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The Gambling Commission (UKGC) withheld information from the Financial Times (FT) so as not to undermine public trust in the regulator.

The UKGC declined to reveal the identities of specific companies and individuals amid the newspaper’s explosive investigation into Premier League betting sponsors.

The 31-minute FT documentary focused on the “mystery owners” behind Asia-facing gambling brands that sponsor Premier League clubs as it put the white-label provider model under the microscope.

The exposé claimed to uncover a “global network of shell companies and front organisations” as FT reporters sought to establish a link between white-label providers, Asian betting operators, and SunCity Group, the Asian behemoth founded by Alvin Chau, who is now serving an 18-year prison sentence for operating illegal gambling activities.

The FT felt it had struck gold when it came across a 2014 press release that described white-label provider TGP Europe as “owned by TGP Holdings, part of the SunCity Group”.

Then, in January 2017, a UKGC statement on TGP Europe and Fesuge Limited, the company behind former Watford FC sponsor 138.com, crucially said that both businesses were “part of a single group of companies”.

When probed further by the FT in 2023, the UKGC changed its position. Instead, it said the businesses were owned by separate companies that shared some of the same owners.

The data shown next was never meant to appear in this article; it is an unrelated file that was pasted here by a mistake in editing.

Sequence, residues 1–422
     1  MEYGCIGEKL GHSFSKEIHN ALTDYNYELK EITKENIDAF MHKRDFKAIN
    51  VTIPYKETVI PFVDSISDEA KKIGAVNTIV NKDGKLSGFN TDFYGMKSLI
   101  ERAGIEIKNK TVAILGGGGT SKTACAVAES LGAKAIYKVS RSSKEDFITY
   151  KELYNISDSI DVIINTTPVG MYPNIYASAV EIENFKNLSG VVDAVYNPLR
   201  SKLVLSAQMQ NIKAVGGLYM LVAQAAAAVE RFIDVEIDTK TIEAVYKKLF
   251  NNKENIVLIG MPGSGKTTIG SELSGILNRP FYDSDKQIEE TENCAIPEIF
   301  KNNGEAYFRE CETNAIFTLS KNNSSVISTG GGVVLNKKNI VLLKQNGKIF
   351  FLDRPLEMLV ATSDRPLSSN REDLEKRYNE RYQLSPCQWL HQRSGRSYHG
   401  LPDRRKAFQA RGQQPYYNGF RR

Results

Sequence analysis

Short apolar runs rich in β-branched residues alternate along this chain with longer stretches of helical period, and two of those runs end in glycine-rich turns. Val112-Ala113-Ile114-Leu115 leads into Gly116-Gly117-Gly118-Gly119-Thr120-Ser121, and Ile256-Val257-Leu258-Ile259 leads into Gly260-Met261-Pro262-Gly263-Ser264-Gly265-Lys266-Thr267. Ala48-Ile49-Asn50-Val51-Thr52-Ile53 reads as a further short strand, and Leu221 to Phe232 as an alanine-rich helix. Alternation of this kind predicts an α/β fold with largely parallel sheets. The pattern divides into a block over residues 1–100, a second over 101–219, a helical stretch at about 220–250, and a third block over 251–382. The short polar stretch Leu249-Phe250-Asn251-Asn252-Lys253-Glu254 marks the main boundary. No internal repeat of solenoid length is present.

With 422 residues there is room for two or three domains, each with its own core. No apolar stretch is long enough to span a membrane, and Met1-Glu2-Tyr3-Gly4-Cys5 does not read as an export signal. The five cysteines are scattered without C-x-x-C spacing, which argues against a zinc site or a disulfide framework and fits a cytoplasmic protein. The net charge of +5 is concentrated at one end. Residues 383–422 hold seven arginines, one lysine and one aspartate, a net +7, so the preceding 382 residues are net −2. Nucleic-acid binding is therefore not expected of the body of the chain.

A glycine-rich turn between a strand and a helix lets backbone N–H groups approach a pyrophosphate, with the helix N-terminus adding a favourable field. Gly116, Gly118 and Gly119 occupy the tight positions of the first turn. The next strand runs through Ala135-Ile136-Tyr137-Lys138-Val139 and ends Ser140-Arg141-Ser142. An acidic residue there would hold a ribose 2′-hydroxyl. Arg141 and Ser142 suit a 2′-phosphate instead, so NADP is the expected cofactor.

The FT then asked the UKGC to identify the individual companies and owners in a freedom of information (FOI) request, but the regulator declined to provide the information.

As part of a longer response, it said: “The public trust that the Commission has robust processes in place to assess operators so that when they use the services provided by an operator, they are confident that there has been sufficient scrutiny of that operator to ensure they are protected.

“If this information were released, it would undermine that confidence.

“We consider that the public interest is better served by withholding this information…”

FT video journalist James Sandy said he was “stunned” by the response.

“The UK’s regulator refused to reveal what it knew about 138.com and TGP Europe’s owners under a freedom of information request because it felt that it would undermine public trust in its ability to do its job,” he added.

However, the full UKGC response to the FT’s FOI request confirms that adhering to data protection protocol was also a key driver behind the regulator’s decision to withhold the identities.

The Commission said that information relating to specific operators and their ultimate ownership is exempt from disclosure under the FOI Act unless it has already been made publicly available.

“Further to this, identifying individuals associated with operators would constitute their personal data,” said the UKGC. “We are therefore unable to provide details of the individual(s) who owns TGP Europe Limited and Fesuge Limited.

“The Data Protection Act 2018 requires the processing of personal data to be fair and lawful. It would be disproportionate for us to publicly disclose these details unless there is a strong public interest in doing so.

“These individuals have a legitimate expectation that their personal details will not be disclosed in the context in which they are held. 

“On balance, there is no legitimate public interest in disclosing this information and it would not be fair to do so,” it added.

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